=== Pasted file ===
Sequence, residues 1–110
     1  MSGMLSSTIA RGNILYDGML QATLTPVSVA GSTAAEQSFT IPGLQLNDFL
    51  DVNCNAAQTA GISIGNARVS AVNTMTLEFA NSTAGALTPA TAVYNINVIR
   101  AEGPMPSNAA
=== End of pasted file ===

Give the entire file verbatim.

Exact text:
Sequence, residues 1–110
     1  MSGMLSSTIA RGNILYDGML QATLTPVSVA GSTAAEQSFT IPGLQLNDFL
    51  DVNCNAAQTA GISIGNARVS AVNTMTLEFA NSTAGALTPA TAVYNINVIR
   101  AEGPMPSNAA